49.
    However, Regulation No 1612/68 covers only freedom of movement within the Community. It is silent as to the rights of a national of a non-Member State, who is the spouse of a citizen of the Union, in regard to access to the territory of the Community.

50.
    In order to benefit in a situation such as that at issue in the main proceedings from the rights provided for in Article 10 of Regulation No 1612/68, the national of a non-Member State, who is the spouse of a citizen of the Union, must be lawfully resident in a Member State when he moves to another Member State to which the citizen of the Union is migrating or has migrated.

51.
    That interpretation is consistent with the structure of the Community provisions seeking to secure freedom of movement for workers within the Community, whose exercise must not penalise the migrant worker and his family.

52.
    Where a citizen of the Union, established in a Member State and married to a national of a non-Member State with a right to remain in that Member State, moves to another Member State in order to work there as an employed person, that move must not result in the loss of the opportunity lawfully to live together, which is the reason why Article 10 of Regulation No 1612/68 confers on such spouse the right to install himself in that other Member State.

53.
    Conversely, where a citizen of the Union, established in a Member State and married to a national of a non-Member State without the right to remain in that Member State, moves to another Member State in order to work there as an employed person, the fact that that person's spouse has no right under Article 10 of Regulation No 1612/68 to install himself with that person in the other Member State cannot constitute less favourable treatment than that which they enjoyed before the citizen made use of the opportunities afforded by the Treaty as regards movement of persons. Accordingly, the absence of such a right is not such as to deter the citizen of the Union from exercising the rights in regard to freedom of movement conferred by Article 39 EC.

54.
    The same applies where a citizen of the Union married to a national of a non-Member State returns to the Member State of which he or she is a national in order to work there as an employed person. If the citizen's spouse has a valid right to remain in another Member State, Article 10 of Regulation No 1612/68 applies so that the citizen of the Union is not deterred from exercising his or her right to freedom of movement on returning to the Member State of which he or she is a national. If, conversely, that citizen's spouse does not already have a valid right to remain in another Member State, the absence of any right of the spouse under Article 10 aforesaid to install himself or herself with the citizen of the Union does not have a dissuasive effect in that regard.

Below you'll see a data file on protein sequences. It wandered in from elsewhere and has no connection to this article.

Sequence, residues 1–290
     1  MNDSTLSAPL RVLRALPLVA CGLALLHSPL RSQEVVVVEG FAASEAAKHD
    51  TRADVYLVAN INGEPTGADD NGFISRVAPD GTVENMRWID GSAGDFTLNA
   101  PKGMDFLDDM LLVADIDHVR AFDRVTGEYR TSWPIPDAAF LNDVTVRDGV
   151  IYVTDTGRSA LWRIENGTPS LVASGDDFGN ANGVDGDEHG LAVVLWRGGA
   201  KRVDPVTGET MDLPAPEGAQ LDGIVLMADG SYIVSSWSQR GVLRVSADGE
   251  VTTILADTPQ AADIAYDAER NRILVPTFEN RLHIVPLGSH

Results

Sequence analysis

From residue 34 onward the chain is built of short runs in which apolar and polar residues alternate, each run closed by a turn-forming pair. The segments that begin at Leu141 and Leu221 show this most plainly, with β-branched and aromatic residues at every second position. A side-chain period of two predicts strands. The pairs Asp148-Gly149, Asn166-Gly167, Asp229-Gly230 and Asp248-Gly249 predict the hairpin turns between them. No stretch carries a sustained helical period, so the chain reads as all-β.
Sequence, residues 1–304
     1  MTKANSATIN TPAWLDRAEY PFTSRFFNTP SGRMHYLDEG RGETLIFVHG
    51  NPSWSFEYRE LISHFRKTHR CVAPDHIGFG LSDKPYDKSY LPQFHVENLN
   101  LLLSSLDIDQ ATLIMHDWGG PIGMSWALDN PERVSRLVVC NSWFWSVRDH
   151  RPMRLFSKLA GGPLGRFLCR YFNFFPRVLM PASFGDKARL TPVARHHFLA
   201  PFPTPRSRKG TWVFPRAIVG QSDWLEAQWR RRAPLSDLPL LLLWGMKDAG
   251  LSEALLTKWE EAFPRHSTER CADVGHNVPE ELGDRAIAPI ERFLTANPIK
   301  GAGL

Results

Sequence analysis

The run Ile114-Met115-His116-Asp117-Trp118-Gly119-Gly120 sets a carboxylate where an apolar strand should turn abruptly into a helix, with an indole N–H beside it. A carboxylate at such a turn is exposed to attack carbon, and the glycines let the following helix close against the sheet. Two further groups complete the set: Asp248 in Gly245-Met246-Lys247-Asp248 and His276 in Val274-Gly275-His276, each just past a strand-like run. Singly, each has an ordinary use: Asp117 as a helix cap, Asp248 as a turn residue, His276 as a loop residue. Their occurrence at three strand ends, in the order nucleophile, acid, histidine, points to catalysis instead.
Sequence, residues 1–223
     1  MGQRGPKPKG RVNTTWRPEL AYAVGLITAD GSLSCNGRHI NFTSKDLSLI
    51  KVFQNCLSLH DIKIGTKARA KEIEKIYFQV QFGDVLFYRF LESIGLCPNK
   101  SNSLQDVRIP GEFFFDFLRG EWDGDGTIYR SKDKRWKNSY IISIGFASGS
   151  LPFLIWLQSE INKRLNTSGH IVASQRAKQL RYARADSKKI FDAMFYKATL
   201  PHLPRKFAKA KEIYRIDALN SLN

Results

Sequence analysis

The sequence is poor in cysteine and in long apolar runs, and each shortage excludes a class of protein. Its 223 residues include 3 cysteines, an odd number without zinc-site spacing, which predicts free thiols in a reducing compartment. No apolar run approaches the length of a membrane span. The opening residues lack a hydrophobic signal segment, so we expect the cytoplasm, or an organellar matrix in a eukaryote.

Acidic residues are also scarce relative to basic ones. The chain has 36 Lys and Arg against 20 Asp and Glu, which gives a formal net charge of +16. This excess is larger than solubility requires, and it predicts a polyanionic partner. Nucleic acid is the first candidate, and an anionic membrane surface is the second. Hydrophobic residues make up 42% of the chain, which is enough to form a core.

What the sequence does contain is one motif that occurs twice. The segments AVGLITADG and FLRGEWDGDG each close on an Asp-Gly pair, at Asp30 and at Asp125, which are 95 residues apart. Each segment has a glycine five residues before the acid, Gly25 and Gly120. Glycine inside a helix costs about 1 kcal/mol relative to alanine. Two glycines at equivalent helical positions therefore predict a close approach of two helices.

55.
    As regards the question of abuse mentioned at paragraph 24 of the Singh judgment, cited above, it should be mentioned that the motives which may have prompted a worker of a Member State to seek employment in another Member State are of no account as regards his right to enter and reside in the territory of the latter State provided that he there pursues or wishes to pursue an effective and genuine activity (Case 53/81 Levin [1982] ECR 1035, paragraph 23).

56.
    Nor are such motives relevant in assessing the legal situation of the couple at the time of their return to the Member State of which the worker is a national. Such conduct cannot constitute an abuse within the meaning of paragraph 24 of the Singh judgment even if the spouse did not, at the time when the couple installed itself in another Member State, have a right to remain in the Member State of which the worker is a national.

57.
    Conversely, there would be an abuse if the facilities afforded by Community law in favour of migrant workers and their spouses were invoked in the context of marriages of convenience entered into in order to circumvent the provisions relating to entry and residence of nationals of non-Member States.

58.
    That said, where the marriage is genuine and where, on the return of the citizen of the Union to the Member State of which he is a national, his spouse, who is a national of a non-Member State and with whom he was living in the Member State which he is leaving, is not lawfully resident on the territory of a Member State, regard must be had to respect for family life under Article 8 of the European Convention for the Protection of Human Rights and Fundamental Freedoms, signed at Rome on 4 November 1950 (hereinafter ‘the Convention’). That right is among the fundamental rights which, according to the Court's settled case-law, restated by the preamble to the Single European Act and by Article 6(2) EU, are protected in the Community legal order.

59.
    Even though the Convention does not as such guarantee the right of an alien to enter or to reside in a particular country, the removal of a person from a country where close members of his family are living may amount to an infringement of the right to respect for family life as guaranteed by Article 8(1) of the Convention. Such an interference will infringe the Convention if it does not meet the requirements of paragraph 2 of that article, that is unless it is in accordance with the law, motivated by one or more of the legitimate aims under that paragraph and necessary in a democratic society, that is to say justified by a pressing social need and, in particular, proportionate to the legitimate aim pursued (Case C-60/00 Carpenter [2002] ECR I-6279, paragraph 42).